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Why Are Omega 3 Fats Good For You

What is it that makes Omega- 3 Fats so good for you?

As you probably know, Omega 3 fatty acids are found primarily in oily fish like salmon, sardines and mackerel. Over the past few years, study after study has shown the benefits of consuming these type of 'good fats'. There are two different types of Omega 3's contained in fish. They are EPA (eicosapentaenoic acid) and DHA (docosahexaenoic acid).

While primarily known for their cardiovascular benefits such as lowering blood pressure, decreasing triglyceride levels, lowering risk of irregular heart rhythms and reducing the risk of blood clots, these fats may also reduce the risk of prostate, breast and colon cancer and assist in the treatment of hyperactive children, among other things.

The American Heart Association recommends eating fatty fish at least twice a week. However, due to pollution of our ocean waters, many fish are contaminated with mercury and other heavy metals. That's why pregnant or nursing women and children are advised not to eat more than two portions of certain types of oily fish per week. Some varieties of fish contain less mercury than others, so try and focus on the least contaminated varieties. A number of websites have lists of the safest and least safe fish.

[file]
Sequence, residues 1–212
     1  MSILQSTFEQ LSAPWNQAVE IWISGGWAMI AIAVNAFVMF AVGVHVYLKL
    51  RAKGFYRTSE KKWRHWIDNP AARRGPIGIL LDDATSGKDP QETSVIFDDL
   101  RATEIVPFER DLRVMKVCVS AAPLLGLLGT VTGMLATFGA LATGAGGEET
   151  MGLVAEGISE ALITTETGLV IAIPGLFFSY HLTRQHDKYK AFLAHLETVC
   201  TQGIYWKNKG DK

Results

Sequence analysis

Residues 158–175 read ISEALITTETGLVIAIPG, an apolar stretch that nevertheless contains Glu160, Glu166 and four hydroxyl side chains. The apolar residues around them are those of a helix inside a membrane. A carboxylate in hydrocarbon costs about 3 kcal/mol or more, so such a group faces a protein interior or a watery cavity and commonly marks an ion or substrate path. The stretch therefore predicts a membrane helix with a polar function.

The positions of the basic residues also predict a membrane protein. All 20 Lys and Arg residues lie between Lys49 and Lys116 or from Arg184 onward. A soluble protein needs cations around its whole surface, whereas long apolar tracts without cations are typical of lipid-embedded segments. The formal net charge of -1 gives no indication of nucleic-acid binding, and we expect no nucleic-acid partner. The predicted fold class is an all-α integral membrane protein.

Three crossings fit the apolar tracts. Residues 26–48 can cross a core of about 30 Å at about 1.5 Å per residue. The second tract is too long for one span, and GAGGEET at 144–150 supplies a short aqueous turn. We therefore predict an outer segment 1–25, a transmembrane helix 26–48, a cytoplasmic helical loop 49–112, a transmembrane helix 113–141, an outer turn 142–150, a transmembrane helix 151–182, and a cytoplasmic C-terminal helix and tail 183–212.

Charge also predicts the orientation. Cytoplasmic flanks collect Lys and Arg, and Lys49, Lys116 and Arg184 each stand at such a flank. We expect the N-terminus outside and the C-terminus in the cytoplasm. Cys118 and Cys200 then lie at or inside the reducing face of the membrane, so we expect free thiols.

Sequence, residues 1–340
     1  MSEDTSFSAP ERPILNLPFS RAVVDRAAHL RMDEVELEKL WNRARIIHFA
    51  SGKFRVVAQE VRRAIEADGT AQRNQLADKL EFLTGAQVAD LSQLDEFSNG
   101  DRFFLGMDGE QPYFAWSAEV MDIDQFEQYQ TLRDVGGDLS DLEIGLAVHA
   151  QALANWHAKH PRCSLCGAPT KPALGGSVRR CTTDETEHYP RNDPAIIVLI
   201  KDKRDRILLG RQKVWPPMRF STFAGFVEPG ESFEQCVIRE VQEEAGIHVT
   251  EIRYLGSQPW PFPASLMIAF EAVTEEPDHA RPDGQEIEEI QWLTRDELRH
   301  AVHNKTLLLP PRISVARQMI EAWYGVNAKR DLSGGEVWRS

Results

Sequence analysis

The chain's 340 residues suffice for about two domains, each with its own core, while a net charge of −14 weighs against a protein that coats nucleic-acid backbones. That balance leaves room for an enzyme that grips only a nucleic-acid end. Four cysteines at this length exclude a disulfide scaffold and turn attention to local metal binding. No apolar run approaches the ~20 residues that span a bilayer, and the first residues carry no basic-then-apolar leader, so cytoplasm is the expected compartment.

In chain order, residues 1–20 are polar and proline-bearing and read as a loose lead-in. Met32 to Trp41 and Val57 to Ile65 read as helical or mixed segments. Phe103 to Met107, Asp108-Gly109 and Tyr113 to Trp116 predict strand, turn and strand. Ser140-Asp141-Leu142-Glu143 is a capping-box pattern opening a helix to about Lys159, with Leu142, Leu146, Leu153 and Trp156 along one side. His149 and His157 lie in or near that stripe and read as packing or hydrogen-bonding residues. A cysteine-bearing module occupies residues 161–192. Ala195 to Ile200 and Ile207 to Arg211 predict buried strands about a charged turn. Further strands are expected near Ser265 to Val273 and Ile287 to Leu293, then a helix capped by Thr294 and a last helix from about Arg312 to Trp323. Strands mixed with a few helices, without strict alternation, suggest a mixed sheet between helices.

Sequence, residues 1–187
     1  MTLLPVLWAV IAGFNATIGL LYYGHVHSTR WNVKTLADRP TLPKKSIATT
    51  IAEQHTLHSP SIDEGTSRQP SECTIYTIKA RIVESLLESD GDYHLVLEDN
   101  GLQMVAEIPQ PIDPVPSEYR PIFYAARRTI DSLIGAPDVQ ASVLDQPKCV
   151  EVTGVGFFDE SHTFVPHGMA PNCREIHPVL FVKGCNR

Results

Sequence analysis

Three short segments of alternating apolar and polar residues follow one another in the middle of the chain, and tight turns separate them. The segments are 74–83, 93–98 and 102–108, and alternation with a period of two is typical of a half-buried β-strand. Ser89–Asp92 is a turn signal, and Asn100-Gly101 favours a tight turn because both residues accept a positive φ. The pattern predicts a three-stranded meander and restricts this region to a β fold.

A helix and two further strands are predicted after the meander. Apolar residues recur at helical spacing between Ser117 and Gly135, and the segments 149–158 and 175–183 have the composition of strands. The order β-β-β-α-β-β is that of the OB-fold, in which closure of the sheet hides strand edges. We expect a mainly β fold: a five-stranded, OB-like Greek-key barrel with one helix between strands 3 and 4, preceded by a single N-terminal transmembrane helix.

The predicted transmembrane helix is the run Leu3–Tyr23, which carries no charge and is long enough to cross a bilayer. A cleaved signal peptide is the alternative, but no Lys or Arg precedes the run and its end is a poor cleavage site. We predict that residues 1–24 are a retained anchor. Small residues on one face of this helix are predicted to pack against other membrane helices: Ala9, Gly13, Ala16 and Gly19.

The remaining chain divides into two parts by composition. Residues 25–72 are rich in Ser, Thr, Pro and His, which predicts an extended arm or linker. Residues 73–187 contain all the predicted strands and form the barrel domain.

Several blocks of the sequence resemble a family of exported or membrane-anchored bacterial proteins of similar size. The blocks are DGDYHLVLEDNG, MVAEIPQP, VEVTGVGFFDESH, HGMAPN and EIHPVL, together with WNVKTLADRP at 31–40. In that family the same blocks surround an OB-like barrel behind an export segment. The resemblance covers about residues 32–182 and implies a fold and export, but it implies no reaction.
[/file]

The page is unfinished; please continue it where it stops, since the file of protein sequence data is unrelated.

Also, there are numerous brands and types of fish oil now available in supplement form. They come in either capsules or as a flavored liquid. If you're going to go with a fish oil supplement, try and select a variety that comes from areas of the world where the water harbors minimal pollution (usually referred to as 'pristine' on the label) and that is also molecularly distilled, which is a process that removes heavy metals and other contaminants without affecting the EPA or DHA content.

Should you not want to eat fish or take fish oil supplements, you can also get some Omega 3 fatty acids from vegetable sources. The type of Omega 3 found in vegetables is known as ALA, for alpha-linolinic acid, and is contained in foods such as walnuts, flax and flax oil, brussels sprouts, spinach and pumpkin seeds.

Given the propensity of food manufacturers to jump on the latest nutrition bandwagon, you'll probably not be surprised to learn that a number of processed foods like orange juice, cereal, bread, and butter substitutes have added Omega 3's, and some chickens are being fed special diets that allow them to lay eggs that contain increased amounts of Omega 3 fats. While the jury's still out on how beneficial to our health these fortified foods might be, consuming Omega 3's in either fish, fish oil supplements, or from natural vegetarian sources is probably a safe bet.

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